10,000 hours of English
Being a teacher of English, I deal with tons of course books on a daily basis. The authors are doing an incredible job at making the course books engaging, so I inevitably draw a lot of inspiration from the materials. Sometimes a single sentence in the book can start a long train of thought. In this post, I want to give you an example of one such train.
Lesson 9A in English File Intermediate (Third Edition) centers around the topic of luck. In this lesson, the students read a text called "A question of luck?" which explains why certain people become extraordinarily successful and what factors contribute to their success. Have a look at the final paragraph of the text:
I don’t know about the specific number – 10,000 hours – but the theory makes a lot of sense for language learning.
When deciding to embark on a wonderful journey of learning English, many students pin their hopes on the teacher (after all, he or she is a qualified professional) and the course book (after all, it was written by a team of qualified professionals). Unfortunately, just going to classes and following a course book is not enough. You need to put in a lot of extra hours to become a successful language learner. (Don’t give me the old excuse of having very little free time. It’s lame and you know it.)
I now want to talk about how you can and should effortlessly increase the amount of time you spend on English. We’ll need to do a little math here. Let’s say you have English classes 2 times a week and each class is 1,5 hours long. That’s 3 hours of English a week. If you don’t do anything else, it’s just 3 hours. However, you can and should do the following:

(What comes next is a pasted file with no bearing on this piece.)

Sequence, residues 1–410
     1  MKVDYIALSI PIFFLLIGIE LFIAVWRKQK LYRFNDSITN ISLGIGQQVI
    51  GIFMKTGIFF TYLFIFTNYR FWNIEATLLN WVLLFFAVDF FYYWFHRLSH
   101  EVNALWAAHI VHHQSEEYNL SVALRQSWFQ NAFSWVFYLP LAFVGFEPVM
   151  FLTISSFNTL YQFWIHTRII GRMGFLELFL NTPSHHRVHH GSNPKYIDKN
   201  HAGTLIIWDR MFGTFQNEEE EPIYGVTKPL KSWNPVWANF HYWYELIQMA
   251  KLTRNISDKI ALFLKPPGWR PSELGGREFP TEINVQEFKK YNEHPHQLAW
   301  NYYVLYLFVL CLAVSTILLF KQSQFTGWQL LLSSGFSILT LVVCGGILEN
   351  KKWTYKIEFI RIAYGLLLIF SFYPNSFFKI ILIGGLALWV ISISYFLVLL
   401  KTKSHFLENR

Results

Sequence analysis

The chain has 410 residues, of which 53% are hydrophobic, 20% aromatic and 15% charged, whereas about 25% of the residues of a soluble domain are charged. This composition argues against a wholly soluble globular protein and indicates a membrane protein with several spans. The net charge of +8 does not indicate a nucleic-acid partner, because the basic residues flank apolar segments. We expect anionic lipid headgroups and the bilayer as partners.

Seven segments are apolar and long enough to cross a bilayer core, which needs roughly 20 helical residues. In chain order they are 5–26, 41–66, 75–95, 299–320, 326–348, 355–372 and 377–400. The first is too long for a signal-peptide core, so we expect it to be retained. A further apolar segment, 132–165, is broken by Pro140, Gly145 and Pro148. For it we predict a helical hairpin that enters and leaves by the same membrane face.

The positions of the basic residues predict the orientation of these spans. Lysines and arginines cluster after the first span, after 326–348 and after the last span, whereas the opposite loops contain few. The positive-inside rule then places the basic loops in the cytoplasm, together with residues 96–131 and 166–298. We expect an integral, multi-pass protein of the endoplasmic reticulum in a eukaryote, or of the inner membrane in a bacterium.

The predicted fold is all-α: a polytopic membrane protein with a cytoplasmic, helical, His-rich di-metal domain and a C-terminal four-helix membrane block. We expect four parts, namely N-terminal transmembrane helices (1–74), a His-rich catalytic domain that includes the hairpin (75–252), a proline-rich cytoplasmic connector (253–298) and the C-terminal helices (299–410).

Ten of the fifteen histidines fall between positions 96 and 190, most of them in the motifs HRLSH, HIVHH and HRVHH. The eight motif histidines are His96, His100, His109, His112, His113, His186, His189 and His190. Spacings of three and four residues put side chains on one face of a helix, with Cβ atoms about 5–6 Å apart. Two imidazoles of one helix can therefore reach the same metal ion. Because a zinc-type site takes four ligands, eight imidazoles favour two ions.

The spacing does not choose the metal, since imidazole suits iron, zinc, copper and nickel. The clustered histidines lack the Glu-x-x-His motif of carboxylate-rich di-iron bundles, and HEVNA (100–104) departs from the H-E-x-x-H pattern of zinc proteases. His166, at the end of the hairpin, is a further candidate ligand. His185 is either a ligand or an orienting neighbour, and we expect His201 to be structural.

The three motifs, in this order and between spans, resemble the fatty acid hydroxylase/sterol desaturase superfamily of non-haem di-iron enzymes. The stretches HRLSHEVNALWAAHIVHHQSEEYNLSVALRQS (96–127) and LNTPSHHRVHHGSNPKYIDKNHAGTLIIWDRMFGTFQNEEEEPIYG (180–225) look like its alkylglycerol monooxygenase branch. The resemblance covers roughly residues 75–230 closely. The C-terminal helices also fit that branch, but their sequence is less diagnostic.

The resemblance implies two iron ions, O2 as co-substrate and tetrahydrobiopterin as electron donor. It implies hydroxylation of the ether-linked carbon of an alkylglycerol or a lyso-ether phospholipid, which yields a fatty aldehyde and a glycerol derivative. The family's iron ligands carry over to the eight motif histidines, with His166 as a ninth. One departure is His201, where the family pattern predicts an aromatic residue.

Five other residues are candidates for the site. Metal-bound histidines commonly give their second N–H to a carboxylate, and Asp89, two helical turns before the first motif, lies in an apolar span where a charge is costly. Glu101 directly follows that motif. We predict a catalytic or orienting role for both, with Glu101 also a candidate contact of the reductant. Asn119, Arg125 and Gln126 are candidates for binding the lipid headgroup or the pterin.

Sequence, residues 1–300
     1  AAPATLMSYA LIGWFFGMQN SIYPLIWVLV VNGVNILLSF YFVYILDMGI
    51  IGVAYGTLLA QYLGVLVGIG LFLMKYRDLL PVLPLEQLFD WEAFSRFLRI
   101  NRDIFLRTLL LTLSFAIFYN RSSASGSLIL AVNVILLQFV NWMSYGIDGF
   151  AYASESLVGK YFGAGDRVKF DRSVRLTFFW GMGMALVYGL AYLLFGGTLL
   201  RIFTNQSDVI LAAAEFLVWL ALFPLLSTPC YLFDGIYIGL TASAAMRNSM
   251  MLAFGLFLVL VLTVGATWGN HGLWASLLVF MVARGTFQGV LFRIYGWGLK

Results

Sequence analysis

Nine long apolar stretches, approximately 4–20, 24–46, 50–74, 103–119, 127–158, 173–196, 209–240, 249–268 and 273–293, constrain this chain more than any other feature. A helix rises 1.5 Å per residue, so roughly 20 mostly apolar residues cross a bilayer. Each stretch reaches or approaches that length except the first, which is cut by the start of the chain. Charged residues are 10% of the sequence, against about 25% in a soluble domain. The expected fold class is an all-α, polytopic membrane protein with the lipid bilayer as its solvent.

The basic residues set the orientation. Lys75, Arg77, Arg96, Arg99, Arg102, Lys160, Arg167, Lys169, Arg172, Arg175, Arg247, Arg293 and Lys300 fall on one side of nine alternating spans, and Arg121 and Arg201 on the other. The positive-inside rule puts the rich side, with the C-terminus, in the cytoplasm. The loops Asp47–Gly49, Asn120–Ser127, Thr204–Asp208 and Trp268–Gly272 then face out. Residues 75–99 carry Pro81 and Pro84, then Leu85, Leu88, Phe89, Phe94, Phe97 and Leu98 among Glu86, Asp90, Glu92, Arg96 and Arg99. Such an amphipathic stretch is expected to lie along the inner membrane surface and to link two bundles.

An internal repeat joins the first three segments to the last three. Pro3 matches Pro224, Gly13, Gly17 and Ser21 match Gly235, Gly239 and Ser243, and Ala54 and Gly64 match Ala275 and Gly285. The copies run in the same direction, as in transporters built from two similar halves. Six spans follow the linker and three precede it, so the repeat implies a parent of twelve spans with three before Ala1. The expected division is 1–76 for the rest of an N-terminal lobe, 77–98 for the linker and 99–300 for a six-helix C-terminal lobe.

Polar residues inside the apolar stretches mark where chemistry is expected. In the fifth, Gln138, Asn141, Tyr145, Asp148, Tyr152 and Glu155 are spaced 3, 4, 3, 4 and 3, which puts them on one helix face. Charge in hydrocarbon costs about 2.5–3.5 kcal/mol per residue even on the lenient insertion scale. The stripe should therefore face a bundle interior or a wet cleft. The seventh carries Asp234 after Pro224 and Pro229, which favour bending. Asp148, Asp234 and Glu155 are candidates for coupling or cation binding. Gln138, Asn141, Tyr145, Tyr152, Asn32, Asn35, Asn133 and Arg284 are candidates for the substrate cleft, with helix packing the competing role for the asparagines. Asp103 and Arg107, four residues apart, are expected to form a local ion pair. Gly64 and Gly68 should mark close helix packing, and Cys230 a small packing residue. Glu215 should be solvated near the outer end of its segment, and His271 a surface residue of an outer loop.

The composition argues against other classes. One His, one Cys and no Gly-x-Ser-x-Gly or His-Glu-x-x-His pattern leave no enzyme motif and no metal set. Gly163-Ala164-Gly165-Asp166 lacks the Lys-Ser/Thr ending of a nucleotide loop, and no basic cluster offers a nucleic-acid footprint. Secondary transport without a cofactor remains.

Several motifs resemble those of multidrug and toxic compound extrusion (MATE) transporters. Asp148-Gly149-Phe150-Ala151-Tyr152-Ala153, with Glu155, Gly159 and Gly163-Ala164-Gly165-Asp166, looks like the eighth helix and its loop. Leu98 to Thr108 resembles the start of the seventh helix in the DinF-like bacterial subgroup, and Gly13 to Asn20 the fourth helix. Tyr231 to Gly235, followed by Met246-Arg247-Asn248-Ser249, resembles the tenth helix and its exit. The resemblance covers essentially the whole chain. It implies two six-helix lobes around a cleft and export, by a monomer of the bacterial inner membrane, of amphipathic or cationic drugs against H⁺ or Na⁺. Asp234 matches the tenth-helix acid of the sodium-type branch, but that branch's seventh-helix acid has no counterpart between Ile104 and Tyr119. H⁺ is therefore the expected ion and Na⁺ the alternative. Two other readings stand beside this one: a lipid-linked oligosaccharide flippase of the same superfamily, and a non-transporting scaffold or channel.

- Do your homework. It gives you at least 1 more hour per week. I love giving my students enormous (in their words) homework. That’s at least 1-2 hours more. Add: 3 hours.
- Start your day with a TED talk. These are short – 15 minutes on average, which gives you around 2 hours more per week if you start every day with listening to a TED talk. Add: 2 hours.
- Read or listen to something in English on your way to work / school. Read a book if you go by metro or listen to an audio book if you go by car. Optimistically speaking, your way to work takes 30 minutes, multiply it by 2 and then by 5. Add: 5 hours.
- Watch a TV series and/or a film in English. Most episodes of most TV series are only 20 minutes long, but let’s say you pause from time to time to check vocabulary, so it’s 30 minutes. One episode each day multiplied by 5 working days gives you 2,5 hours. At the weekend, watch a film. Add: 4,5 hours.
- Do a little extra speaking. Find an English-speaking partner online, speak to your friends, join a Speaking Club. Add:1,5 hours.
- Let’s throw in an additional hour for times when you check some vocabulary and/or make notes. Add: 1 hour.
This concludes my train of thought. I hope you inevitably drew some inspiration from it.
This post was featured on Oxford University Press English Language Teaching Global Blog. Just bragging.